PAM ensures security when accessing critical systems. These solutions include advanced credential security, user activity monitoring, system and data control, and others. They help prevent unauthorized network entry and reveal questionable activity.
Limiting users to only the necessary files and resources is a good practice when exploiting this tool.
A remote access connection comes with risks. It can make it easier for cybercrime to occur. That’s why you need security measures like multi-factor authentication and secure password protocols.
For example, a Trojan horse may transfer from one computer to another without detection through such a connection.
Also, be aware of possible scam calls where purported IT techs request remote access to fix an alleged problem. Probably best to check with your system administrator or your IP before allowing such.
Securing Remote Access
Here are some ways you can better secure your remote connection:
- Use strong passwords - complex passwords consist of at least 12 characters. Make sure they contain upper and lowercase letters and numbers. It’s critical to change your passwords often, never use the same ones, and never share them.
- Employ two-factor authentication - you can control entry with the help of 2FA. You’ll have to set a username and a password. You will receive a unique code through a text or email message. And if you’d like to take it a step further - use multi-factor authentication, like facial and fingerprint recognition.
- Use firewalls - set up a firewall through software or hardware to restrict access.
- Update your software - regular updates provide you with the latest security patches - so make sure these updates are frequent to protect against any new viruses.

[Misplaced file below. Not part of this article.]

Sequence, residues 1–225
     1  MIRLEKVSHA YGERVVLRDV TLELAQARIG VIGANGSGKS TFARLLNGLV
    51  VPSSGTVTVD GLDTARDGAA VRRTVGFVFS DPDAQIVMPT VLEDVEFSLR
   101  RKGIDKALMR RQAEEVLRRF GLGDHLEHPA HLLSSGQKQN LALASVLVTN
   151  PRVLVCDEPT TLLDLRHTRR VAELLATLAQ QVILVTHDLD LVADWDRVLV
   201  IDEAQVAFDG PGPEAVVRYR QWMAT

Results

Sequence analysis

- Set up an account lockout policy - make sure that your account locks down when someone enters an incorrect password several times. This can help block potential hackers.
Remote access technology comes in handy, especially during a pandemic. Being able to connect devices assists collaboration to efficiently complete tasks.
And while working alone is challenging for some, hopefully, the above information makes it easier for you to understand remote connectivity and its benefits.
Should I disable remote access?
Unless you’re actively using it, it’s best to disable remote device access. Hackers can possibly steal your personal information or install malware on your device.
However, disabling the Remote Desktop Protocol (RDP) does not prevent other types of remote access. Nevertheless, it is best to turn it off when not in use.
Can you tell if someone is remotely accessing your computer?
Yes, it's possible, and your first step is to disconnect from the internet.
Then you need to check the following for anything suspect:
- recently viewed files and apps,
- browser history,
- recently modified files,
- login events,
- any remote access programs,
- unusually high CPU usage.
Furthermore, it’s important to scan your computer for viruses.
Can someone remotely access my router?
Yes, hackers can breach your router and home network. Sadly, what remote access is capable of doing for you can also be used against you. Cybercriminals can crack your password or exploit security flaws in the firmware.
Make sure you:
- regularly update your software,
- create strong passwords,
- deactivate remote administration,
- run virus scans.
Deyan has been fascinated by technology his whole life. From the first Tetris game all the way to Falcon Heavy. Working for TechJury is like a dream come true, combining both his passions – writing and technology. In his free time (which is pretty scarce, thanks to his three kids), Deyan enjoys traveling and exploring new places. Always with a few chargers and a couple of gadgets in the backpack. He makes mean dizzying Island Paradise cocktails too.
Latest from Author
Your email address will not be published.